(1/403) Herpetic keratitis. Proctor Lecture.

Although much needs to be learned about the serious clinical problem of herpes infection of the cornea, we have come a long way. We now have effective topical antiviral drugs. We have animal models which, with a high degree of reliability, clearly predict the effect to be expected clinically in man, as well as the toxicity. We have systemically active drugs and the potential of getting highly active, potent, completely selective drugs, with the possibility that perhaps the source of viral reinfection can be eradicated. The biology of recurrent herpes and stromal disease is gradually being understood, and this understanding may result in new and better therapy of this devastating clinical disease.  (+info)

(2/403) Infectious keratitis in leprosy.

AIM: To describe leprosy characteristics, ocular features, and type of organisms that produce infective corneal ulcers in leprosy patients. METHOD: The records of all leprosy patients admitted for treatment of corneal ulcers between 1992 and 1997 were reviewed. RESULTS: 63 leprosy patients, 53 males and 10 females, are described. 16 were tuberculoid and 47 lepromatous. 25 patients had completed multidrug therapy. 10 patients had face patches, eight had type I reaction, and 10 had type II reaction. 43 (68%) patients had hand deformities. In 54% of patients pain was absent as a presenting symptom. 19 patients gave a history of trauma. In 15 patients ulcers had also occurred on the other eye, five of them having occurred during the study period and the rest before 1992. Of the 68 eyes with corneal ulcers, 28 had madarosis, 34 had lagophthalmos, nine had ectropion, three had trichiasis, six had blocked nasolacrimal ducts, and 39 decreased corneal sensation. In 14 eyes, a previous lagophthalmos surgery had been done. 16 patients were blind at presentation. 32% of ulcers were located centrally. After treatment only 18% of the eyes showed visual improvement. Five types of fungus were cultured, two of them rare ocular pathogens. CONCLUSIONS: Corneal ulcers occur more in males and in the lepromatous group of patients. Decreased corneal sensation, lagophthalmos and hand deformity are closely associated. Indigenous treatment and late presentations were notable in many patients. Visual outcome is not good. There is increased risk of developing an ulcer in the other eye. Fungal corneal ulcers are not uncommon.  (+info)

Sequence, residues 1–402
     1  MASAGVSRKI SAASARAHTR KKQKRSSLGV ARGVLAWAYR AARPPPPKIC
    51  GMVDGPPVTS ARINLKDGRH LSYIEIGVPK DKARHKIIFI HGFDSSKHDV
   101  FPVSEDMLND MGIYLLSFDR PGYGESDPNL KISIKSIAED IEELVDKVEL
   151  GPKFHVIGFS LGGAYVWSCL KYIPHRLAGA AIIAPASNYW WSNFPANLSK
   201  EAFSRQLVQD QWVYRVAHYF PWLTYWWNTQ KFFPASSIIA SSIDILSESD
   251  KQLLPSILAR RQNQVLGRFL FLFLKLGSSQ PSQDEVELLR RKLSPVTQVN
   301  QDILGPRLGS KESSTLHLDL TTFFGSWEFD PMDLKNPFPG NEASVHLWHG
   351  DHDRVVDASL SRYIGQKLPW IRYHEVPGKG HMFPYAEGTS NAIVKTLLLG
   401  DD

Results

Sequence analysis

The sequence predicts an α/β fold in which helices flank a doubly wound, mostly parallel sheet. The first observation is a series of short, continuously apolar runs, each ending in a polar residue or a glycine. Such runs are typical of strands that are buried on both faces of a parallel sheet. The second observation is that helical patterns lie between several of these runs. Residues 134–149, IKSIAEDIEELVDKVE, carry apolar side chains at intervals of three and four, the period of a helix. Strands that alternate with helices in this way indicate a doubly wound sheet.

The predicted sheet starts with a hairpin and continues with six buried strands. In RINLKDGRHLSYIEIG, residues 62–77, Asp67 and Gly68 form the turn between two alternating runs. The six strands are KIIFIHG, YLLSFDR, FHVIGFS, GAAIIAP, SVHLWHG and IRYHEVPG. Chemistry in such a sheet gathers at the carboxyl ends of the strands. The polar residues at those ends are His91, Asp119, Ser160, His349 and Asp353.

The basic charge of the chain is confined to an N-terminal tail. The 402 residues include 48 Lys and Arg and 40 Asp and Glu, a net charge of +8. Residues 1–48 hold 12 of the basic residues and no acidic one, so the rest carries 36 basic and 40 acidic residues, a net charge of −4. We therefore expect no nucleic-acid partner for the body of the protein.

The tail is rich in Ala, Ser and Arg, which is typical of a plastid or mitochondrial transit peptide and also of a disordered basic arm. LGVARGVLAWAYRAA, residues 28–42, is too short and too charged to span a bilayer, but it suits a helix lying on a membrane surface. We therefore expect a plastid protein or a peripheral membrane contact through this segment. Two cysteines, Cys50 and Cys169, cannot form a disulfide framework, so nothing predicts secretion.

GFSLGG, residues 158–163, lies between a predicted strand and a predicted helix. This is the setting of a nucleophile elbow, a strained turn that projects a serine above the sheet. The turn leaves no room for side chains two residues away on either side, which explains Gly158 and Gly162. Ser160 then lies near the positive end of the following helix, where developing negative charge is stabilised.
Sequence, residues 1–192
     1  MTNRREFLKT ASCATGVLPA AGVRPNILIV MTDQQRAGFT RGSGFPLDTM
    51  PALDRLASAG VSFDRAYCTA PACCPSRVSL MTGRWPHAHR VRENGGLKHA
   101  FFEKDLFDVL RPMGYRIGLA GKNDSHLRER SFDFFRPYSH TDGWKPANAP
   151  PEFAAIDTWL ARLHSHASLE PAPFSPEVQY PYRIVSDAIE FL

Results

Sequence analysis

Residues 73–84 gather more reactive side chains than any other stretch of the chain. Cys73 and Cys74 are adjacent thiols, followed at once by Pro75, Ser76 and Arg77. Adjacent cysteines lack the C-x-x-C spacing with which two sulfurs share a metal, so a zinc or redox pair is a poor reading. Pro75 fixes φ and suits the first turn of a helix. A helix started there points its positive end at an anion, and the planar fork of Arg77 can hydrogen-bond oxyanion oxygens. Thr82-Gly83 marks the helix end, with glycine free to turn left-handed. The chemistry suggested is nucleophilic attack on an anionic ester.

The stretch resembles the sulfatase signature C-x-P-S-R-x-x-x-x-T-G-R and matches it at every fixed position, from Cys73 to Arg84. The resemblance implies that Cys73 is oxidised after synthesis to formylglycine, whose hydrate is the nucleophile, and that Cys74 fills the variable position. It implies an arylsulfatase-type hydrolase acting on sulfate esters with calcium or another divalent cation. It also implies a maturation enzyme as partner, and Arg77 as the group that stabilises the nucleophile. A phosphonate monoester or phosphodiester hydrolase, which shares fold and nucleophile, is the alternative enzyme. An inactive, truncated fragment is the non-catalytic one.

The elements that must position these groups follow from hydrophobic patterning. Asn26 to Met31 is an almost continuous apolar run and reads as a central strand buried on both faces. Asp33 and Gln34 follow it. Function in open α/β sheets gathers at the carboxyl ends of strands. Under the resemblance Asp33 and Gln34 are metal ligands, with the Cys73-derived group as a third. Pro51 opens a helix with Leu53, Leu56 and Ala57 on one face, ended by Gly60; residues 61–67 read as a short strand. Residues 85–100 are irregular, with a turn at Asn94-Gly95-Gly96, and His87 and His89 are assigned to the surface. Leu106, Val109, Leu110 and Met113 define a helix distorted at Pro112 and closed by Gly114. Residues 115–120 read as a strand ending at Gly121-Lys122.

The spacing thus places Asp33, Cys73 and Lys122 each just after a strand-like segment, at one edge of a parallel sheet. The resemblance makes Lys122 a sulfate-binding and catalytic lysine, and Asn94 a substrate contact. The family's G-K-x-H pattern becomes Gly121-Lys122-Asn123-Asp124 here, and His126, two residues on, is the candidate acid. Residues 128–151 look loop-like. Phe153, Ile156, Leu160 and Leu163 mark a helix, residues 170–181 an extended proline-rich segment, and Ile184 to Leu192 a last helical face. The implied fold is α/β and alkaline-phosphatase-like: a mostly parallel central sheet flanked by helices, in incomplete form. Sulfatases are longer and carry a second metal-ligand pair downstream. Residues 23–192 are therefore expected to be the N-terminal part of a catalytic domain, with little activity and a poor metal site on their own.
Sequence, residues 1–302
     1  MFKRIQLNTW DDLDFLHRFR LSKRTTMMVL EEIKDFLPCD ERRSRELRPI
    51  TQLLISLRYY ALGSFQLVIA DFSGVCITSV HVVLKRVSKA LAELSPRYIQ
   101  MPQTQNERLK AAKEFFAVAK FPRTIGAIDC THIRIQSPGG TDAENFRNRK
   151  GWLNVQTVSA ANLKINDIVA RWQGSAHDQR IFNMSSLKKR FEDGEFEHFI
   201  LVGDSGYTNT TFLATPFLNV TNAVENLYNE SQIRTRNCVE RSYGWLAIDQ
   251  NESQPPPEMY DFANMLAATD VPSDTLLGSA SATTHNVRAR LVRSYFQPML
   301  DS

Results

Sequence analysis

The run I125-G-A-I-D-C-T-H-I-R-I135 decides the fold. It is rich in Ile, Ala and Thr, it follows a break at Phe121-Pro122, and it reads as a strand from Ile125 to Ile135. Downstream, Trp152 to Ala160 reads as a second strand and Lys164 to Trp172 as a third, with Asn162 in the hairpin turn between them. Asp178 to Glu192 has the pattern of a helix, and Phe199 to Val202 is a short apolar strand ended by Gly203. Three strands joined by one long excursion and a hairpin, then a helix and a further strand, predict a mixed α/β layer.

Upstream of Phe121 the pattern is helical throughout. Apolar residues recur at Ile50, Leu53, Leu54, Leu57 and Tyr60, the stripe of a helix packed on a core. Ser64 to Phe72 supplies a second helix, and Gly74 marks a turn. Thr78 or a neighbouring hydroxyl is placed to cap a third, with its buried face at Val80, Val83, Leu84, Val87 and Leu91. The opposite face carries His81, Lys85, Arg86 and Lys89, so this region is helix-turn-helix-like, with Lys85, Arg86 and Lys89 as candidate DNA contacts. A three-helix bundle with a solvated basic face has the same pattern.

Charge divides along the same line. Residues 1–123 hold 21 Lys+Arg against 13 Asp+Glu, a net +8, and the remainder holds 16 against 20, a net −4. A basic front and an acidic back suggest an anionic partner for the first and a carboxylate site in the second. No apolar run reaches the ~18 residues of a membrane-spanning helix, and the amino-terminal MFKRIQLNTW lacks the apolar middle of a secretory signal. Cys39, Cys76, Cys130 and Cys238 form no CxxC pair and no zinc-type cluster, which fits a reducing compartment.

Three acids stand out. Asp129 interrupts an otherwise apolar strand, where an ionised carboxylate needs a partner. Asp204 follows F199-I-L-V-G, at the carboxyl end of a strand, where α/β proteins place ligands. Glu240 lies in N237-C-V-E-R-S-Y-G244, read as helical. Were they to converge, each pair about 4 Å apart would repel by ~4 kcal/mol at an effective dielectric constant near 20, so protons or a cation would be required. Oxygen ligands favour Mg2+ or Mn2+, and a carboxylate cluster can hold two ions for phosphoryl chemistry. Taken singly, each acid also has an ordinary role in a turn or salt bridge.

(3/403) Incidence of corneal melting in association with systemic disease in the Yorkshire Region, 1995-7.

AIMS: To estimate the incidence of corneal melting or necrotising keratitis in association with systemic disease in the Yorkshire Region and to determine the type and duration of the systemic association. METHODS: In a prospective study, vigorous attempts were made to identify all patients presenting with newly diagnosed corneal melting over a 3 year period. RESULTS: 27 patients were identified during the study period. Rheumatoid arthritis and Wegener's granulomatosis were the most common disease associations. Corneal melting was a late complication of rheumatoid arthritis, but usually occurred during early and overt systemic disease in patients with Wegener's granulomatosis. CONCLUSION: The annual incidence of corneal melting in the Yorkshire Region is 3.01/million/year (95% CI = 0.7-9.6).  (+info)

(4/403) Corneal epithelial-specific cytokeratin 3 is an autoantigen in Wegener's granulomatosis-associated peripheral ulcerative keratitis.